And that, my friends, is the foundation of today’s feast. The Blessed Mother was not divine, she was a human being like you and me. And like us, her entry into God’s kingdom depends on Jesus’ resurrection. You and I have to wait until the Second Coming of Christ for our bodies to be raised, but Tradition says that Mary didn’t need to wait until the last day. As she was the first disciple of her Son – the first person to say “Yes” to his call – she is the first human being to follow her son in his resurrection. Her risen body is with Jesus’ risen body awaiting that day when all will be made right. Mary’s glory is a foretaste of our glory. Christ’s resurrection leads the way to our resurrection, and as our Blessed Mother was raised, so too will we be raised at the last day.
What will life be like when our bodies are raised, and God creates the new heavens and the new earth? In her song in the gospel of Luke, Mary tells us that in God’s kingdom, things are very, very different. Unlike our world, it’s not the powerful on their thrones, or the proud, or the rich who will be extolled and given a place of special honor. It’s the lowly, the humble, and the poor. In God’s kingdom, the first will be last, and the last will be first. Status won’t be measured by wealth and pride and fancy titles, but by humility, tenderness, forgiveness, and unconditional love.
While we have to wait until the last day to experience God’s kingdom in its fulness, in a moment, we will pray “thy kingdom come, thy will be done, on earth as it is in heaven” as our Lord taught us. When we pray these words, we’re asking God to bring the values of his heavenly kingdom here to earth. To disrupt the value systems of this world. To bring heaven to earth. And we’re asking him to use us to accomplish this.
What does this look like for us at a parish church under the patronage of St. Mary in Kansas City in the year 2019?
Friends, we are called to proclaim the life, death, and yes…bodily resurrection of Jesus Christ in both word and deed. There is an unfortunate tendency amongst a subset of clergy in the Episcopal Church to say things like, “I believe in spiritual resurrection, but it doesn’t really matter if Jesus’s body rose from the dead.” Or, even worse, “Dead people don’t come back to life. If you believe in science, you can’t possibly believe in the resurrection.” Hear what Saint Paul saith: “If there is no resurrection of the dead, then Christ has not been raised; and if Christ has not been raised, then our proclamation has been in vain and your faith has been in vain.”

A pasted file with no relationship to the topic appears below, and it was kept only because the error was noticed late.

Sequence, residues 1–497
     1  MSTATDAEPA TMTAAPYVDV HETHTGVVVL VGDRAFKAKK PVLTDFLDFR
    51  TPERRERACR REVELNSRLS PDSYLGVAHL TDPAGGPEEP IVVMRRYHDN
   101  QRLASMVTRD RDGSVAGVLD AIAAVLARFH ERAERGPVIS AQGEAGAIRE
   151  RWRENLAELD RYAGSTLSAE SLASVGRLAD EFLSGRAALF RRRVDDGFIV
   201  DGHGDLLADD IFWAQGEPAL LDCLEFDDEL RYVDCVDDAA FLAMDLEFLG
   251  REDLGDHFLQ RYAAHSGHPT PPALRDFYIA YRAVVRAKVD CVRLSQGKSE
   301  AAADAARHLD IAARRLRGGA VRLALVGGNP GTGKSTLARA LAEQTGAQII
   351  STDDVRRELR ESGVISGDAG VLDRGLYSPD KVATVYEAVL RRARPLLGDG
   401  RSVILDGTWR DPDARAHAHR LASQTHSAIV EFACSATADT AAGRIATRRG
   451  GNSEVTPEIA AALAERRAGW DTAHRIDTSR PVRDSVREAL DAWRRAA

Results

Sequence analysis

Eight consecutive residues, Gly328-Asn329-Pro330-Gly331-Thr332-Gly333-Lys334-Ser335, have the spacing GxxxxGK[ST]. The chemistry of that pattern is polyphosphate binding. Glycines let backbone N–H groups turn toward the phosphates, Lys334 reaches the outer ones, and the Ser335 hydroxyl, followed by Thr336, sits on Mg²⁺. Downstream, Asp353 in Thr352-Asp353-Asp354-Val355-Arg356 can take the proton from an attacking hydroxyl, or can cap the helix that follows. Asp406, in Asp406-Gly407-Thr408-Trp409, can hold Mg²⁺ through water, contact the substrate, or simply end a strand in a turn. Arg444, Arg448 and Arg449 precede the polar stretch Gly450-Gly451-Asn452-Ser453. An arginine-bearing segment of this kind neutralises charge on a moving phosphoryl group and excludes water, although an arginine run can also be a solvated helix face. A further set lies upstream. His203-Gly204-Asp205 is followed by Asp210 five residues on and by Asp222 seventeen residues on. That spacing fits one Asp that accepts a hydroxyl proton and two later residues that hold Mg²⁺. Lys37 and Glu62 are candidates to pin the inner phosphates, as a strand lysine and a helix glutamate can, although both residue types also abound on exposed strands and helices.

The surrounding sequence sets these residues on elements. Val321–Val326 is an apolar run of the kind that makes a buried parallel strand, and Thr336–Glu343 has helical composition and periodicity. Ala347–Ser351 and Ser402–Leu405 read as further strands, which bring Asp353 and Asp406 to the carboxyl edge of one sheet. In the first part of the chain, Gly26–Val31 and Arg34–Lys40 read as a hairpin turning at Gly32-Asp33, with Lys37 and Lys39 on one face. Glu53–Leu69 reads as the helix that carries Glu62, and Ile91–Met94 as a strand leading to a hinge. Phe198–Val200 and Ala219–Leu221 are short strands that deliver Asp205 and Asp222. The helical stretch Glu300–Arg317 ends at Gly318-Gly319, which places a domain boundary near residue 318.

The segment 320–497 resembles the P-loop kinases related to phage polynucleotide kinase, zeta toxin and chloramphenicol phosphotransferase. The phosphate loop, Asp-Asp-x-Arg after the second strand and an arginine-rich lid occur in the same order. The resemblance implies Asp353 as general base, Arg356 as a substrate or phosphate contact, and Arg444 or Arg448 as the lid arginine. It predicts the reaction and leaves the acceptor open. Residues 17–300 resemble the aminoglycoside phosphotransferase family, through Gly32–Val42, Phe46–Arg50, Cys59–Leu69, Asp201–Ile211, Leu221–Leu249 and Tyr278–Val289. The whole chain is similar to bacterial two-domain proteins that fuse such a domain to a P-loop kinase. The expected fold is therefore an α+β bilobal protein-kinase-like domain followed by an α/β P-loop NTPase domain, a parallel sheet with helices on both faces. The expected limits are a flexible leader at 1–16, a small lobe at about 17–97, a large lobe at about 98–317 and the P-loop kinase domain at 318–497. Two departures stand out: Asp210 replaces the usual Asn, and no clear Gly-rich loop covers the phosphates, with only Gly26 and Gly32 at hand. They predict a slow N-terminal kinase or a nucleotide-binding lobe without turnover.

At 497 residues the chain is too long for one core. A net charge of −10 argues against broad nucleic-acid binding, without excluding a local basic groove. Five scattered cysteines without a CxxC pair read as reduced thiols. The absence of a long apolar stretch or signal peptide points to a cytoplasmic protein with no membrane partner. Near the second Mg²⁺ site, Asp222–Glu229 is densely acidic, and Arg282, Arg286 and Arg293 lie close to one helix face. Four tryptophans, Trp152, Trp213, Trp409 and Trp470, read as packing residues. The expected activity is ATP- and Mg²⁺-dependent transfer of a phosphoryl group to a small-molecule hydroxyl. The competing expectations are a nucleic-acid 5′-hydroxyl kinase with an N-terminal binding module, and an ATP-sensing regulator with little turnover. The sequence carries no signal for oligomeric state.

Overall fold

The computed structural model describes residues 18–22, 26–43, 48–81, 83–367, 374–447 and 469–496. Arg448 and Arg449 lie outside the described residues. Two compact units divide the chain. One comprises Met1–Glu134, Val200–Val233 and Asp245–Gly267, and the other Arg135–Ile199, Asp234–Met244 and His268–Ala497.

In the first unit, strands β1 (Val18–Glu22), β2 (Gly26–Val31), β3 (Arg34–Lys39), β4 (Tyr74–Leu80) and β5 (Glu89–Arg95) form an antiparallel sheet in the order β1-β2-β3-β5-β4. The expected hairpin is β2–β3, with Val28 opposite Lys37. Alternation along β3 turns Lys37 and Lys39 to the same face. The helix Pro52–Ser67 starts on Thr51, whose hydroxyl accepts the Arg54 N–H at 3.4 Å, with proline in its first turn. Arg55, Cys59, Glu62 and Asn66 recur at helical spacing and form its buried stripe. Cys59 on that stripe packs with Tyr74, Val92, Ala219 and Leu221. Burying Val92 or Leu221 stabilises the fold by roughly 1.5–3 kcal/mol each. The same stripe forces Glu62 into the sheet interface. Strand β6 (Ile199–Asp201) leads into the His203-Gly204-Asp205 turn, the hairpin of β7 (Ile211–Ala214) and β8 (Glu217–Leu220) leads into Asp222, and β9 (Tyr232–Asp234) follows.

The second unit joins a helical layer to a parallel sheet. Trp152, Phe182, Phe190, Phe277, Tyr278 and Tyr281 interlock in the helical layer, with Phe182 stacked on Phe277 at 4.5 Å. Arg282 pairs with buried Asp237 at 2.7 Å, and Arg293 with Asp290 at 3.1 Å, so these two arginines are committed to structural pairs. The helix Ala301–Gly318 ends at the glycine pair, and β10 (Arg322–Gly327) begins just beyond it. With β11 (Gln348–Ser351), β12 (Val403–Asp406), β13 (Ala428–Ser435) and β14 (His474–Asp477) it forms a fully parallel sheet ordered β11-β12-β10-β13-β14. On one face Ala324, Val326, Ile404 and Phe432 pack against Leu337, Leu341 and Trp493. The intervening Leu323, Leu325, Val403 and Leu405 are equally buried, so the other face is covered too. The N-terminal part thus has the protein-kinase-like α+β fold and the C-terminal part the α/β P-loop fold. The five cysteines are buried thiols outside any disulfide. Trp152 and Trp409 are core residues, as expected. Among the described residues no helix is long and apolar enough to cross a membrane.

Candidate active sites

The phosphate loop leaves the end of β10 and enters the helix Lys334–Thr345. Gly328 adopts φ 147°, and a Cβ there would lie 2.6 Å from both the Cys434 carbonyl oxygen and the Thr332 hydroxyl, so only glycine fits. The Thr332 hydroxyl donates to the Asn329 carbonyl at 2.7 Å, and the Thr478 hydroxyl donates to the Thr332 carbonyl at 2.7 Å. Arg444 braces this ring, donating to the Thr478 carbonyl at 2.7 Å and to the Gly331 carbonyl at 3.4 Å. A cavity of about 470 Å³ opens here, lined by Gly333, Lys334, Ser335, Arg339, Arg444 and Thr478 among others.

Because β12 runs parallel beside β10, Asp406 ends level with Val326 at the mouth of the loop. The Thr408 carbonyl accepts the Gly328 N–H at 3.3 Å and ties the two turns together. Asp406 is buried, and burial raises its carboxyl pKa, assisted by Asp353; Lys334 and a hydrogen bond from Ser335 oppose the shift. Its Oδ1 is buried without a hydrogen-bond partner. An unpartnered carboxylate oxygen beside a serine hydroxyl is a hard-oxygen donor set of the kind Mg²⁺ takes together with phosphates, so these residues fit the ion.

Like Mary, we are called to live out the incarnation of her Son by proclaiming the coming of His kingdom. And like Mary, we are not to live our lives thinking that this future kingdom of God is something we’re just twiddling our thumbs waiting for, it began to break into our world on that first Christmas night. When we pray “thy kingdom come, thy will be done, on earth as it is in heaven,” we are telling God and ourselves that we’re willing to forsake our own devices and desires and say yes to God. And praying the Lord’s Prayer means that we’re willing to trust that the Holy Spirit will give us everything we need to fill the hungry with good things and lift up the lowly.
St. Mary’s has a long history of feeding the hungry in our area via the food pantry and hot meal – a good and holy thing – but it is time that we intentionally discern how God is calling us to serve the least of these in Kansas City. To that end, our newly formed Social Justice Committee has met a couple of times and meets again in a few weeks. They’re exploring how we might engage in important issues such as prison ministry, racial reconciliation, LGBT rights, economic injustice, immigration issues, and so on. Please pray for them as they discern how God is leading our parish family to cast down the mighty and lift up the lowly in Kansas City and beyond. And then when their program is published, please pray about how God may be calling you to get involved.
Maybe next year for Mary Day, I’ll bore you to tears with the nitty gritty about whether Mary’s assumption was before or after her death and why that matters theologically. But for now, friends, let us follow the good example of the Blessed Virgin Mary in saying yes to her Son and boldly proclaiming God’s kingdom to a lost and broken world. And let us join with Christians throughout all generations in calling her blessed.
 1 Cor 15:12-14.
The sermons preached at St. Mary's Episcopal Church, Kansas City, are posted here!